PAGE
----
The classic indicators of body misalignment are love handles, chicken necks and potbellies – along with forward-sloping shoulders.
Love handles are the extra mass of skin, tissue and fat encircling the body between the waistline and the hips, often referred to as a “spare tire”. Love handles relocate belt buckles to a lower position than clothing designers had in mind and can be highlighted by snug, wide-striped knit shirts with a sausage-casing fit. Other than a place to grab your sweetheart, they are useless.
If you wonder what a chicken neck is, dig out some old reruns of Ally McBeal and look for the “wattle,” the hanging skin underneath the chin (and a big fetish of one attorney on the show). A chicken neck is caused by the head-forward position common to a body in postural collapse. The head is brought closer to the rib cage, causing neck muscles to grow shorter and the skin on the front of the neck to sag.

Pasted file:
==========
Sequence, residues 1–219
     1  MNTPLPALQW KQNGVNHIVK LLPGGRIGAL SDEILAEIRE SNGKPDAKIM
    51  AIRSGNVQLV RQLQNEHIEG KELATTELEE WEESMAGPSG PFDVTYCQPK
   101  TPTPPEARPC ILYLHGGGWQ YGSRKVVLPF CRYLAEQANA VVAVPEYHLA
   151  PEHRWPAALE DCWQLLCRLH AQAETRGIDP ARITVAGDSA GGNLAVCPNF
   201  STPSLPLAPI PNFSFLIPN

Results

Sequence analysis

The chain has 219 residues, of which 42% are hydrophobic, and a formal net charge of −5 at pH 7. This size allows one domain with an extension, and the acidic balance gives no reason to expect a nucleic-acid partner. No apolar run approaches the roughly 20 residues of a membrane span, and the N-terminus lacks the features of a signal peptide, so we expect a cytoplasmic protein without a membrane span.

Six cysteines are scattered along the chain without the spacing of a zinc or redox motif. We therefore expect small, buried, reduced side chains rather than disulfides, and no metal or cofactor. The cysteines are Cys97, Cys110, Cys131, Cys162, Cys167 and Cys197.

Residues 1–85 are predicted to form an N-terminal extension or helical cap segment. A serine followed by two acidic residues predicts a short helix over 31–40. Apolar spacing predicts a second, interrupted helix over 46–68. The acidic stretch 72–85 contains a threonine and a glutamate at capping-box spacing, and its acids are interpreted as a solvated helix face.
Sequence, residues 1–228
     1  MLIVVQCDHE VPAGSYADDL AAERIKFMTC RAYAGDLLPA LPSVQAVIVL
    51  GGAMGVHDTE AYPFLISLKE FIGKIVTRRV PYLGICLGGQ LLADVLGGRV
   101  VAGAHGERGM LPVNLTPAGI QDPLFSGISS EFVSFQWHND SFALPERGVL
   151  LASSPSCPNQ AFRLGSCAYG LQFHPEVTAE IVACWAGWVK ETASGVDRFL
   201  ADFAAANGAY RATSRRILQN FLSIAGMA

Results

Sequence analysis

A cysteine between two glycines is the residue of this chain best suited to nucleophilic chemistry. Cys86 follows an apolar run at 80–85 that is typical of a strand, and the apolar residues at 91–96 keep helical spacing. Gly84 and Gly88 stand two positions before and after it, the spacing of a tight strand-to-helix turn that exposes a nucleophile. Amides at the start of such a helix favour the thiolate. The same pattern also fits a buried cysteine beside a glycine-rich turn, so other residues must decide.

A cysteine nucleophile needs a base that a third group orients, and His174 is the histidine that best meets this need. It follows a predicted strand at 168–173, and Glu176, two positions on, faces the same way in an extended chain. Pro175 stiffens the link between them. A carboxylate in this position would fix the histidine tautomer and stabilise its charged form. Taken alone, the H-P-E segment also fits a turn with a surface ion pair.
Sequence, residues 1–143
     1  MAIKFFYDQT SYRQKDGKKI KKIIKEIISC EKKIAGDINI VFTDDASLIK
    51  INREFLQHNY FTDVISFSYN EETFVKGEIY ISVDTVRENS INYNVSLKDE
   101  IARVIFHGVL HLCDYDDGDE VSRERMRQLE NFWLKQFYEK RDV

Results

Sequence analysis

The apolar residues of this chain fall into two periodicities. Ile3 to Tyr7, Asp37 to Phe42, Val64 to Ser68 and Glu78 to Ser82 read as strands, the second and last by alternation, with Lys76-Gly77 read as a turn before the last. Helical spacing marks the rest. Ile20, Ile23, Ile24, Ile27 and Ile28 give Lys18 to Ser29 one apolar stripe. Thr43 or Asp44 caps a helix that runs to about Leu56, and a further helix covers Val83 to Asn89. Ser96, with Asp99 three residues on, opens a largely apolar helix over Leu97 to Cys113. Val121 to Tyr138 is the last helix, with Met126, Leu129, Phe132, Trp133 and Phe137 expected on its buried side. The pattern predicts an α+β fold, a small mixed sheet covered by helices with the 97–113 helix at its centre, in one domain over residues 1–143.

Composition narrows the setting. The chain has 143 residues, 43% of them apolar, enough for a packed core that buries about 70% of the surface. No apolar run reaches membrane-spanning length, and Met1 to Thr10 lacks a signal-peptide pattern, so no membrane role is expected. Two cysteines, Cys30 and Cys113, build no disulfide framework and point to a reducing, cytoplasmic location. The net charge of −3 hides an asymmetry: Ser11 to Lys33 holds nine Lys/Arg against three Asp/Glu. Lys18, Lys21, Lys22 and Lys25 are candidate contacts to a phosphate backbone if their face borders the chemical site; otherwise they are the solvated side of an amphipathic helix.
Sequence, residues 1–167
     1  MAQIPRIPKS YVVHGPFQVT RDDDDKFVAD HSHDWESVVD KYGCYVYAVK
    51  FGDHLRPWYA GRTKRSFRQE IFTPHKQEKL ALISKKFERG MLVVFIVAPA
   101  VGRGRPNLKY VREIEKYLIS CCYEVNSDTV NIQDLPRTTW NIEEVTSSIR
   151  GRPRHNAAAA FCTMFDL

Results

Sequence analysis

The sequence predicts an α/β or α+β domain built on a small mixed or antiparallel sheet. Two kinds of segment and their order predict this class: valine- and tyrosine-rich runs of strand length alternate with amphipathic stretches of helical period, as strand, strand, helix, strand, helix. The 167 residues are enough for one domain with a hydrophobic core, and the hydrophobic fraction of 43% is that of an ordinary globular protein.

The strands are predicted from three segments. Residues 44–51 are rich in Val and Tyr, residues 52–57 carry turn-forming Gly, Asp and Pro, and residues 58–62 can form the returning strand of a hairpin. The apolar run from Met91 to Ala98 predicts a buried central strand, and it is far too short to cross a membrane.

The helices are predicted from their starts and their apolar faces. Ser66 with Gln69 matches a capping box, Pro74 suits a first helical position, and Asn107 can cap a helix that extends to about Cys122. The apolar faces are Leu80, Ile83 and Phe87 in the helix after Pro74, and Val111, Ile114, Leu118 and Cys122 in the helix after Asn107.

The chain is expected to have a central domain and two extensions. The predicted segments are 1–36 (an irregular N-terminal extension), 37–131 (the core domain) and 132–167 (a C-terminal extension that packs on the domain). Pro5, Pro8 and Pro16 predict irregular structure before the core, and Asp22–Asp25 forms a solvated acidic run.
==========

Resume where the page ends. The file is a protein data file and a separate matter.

Neck muscles grow shorter when we sleep on our side in a fetal position, use a pillow to elevate our head and when we constantly look down at our work or sit or drive with an angled seat back. The skin covering the front of the neck does not change in length, but hangs at the mercy of gravity and shortened neck muscles underneath.
Potbellies are right up there (or down there) with love handles, keeping us in long sweaters and shirts and out of two-piece swimsuits. The pelvic bowl is the culprit, helped along by excess postural pounds. When the bowl is tilted forward, sagging organs inside fall forward, out of the pelvic bowl. This creates a bulge, often referred to as a “gut” or “beer belly”.
The good news is that love handles, chicken necks and potbellies cannot survive when we are in good posture.
Diane Whitacre, Structural Anatomist, RT ©2018